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The full financial impact of the pandemic in 2020 on the world’s biggest promoter has been revealed, with Live Nation Entertainment (LNE) reporting an 84% annual decline in revenue to $1.8 billion (£1.3bn) for the year.

The Ticketmaster owner reported annual ticketing revenue of $188.4 million (£133.5m) in 2020, down 88% year-on-year.

Its long-term debt had grown to $4.86bn (£3.49bn) at 31 December, compared with $3.27bn (£2.35bn) at the same point in 2019.

For the fourth quarter, LNE posted an adjusted operating income loss of $244.3m (£175.8), with its concerts division recording a loss of $166m (£119.5).

LNE experienced a 92% year-on-year revenue decline to $237.3m (£170.8m) in the final quarter, while its ticketing division’s quarterly revenue dropped by 98% to $10.9m (£7.84m). Concert revenue declined 92% to $178.4m (£128.4m).

For the full year, concerts generated $1.4bn (£1bn) but revenue was down 84% year-on-year.

In 2020 LNE staged 8,117 shows worldwide, compared to 40,237 worldwide in 2019.

“We continue to have a substantial tailwind in the live event industry, as consumers more than ever are looking to spend on experiences.”

The promoting giant said that as of 31 December 2020 it had cash reserves of $2.5bn (£1.8bn), including $674m (£485.1m) in ticketing client cash and $643m (£462m) in free cash. It said it had sufficient cash reserves to sustain the business until the expected return of concerts in the summer this year.

Despite the declines, LNE CEO Michael Rapino (pictured) said he expected the company to “return to live even stronger” having reducing its cost structure by $200m, and with 83% of fans continuing to hold onto their tickets for postponed shows.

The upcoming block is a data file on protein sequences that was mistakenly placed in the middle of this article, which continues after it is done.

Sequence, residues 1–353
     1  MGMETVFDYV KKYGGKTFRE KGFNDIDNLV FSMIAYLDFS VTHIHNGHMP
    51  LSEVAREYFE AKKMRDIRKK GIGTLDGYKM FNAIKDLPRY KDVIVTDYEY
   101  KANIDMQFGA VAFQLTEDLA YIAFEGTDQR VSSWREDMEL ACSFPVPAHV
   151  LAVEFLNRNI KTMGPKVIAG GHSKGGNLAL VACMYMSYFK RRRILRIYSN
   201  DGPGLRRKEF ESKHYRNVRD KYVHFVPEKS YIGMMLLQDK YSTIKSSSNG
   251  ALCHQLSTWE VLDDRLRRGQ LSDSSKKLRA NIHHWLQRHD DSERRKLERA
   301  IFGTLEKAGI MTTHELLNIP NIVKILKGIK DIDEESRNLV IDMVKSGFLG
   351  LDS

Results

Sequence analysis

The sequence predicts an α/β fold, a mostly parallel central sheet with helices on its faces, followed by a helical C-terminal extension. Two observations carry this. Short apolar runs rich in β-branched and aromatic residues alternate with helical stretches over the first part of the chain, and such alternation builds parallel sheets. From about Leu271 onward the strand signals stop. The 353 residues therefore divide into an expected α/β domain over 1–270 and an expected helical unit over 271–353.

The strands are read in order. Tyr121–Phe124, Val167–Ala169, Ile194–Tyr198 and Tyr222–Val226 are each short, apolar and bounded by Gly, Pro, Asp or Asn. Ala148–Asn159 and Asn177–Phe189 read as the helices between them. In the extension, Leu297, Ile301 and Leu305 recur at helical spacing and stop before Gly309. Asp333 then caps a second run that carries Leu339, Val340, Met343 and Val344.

Rapino said, “We continue to have a substantial tailwind in the live event industry, as consumers more than ever are looking to spend on experiences. The supply-demand fundamentals of the concerts business remain strong, with artists ready to get back on the road and fans eager to reconnect at events. All our data continues to show that there is substantial pent-up demand for concerts on the consumer demand side.

“The $2.4 trillion [£1.72tn] projected surplus in savings in the U.S. alone by June is a key indicator of consumer spending potential. At the same time, surveys demonstrate the high demand for concerts globally, with 95% of fans likely to attend a show when restrictions are lifted. This is proving out in fan behaviour as well, with 83% of fans continuing to hold onto their tickets for rescheduled shows.

“On the artist side there is a broad desire to get back on stage – to connect with their fans and to provide economic support to their bands, crew, and the hundreds of others employed each night putting on the show. Given the limited touring activity in 2020 and 2021, the pipeline for 2022 is much stronger than usual, with almost twice as many major touring artists on cycle in 2022 than a typical year – about 45 artists versus the usual 25. And there remains plenty of scheduling availability at arenas, amphitheaters and stadiums to accommodate these additional tours, with over two-thirds of these venues’ nights unused by sporting events or major concerts in a typical year.”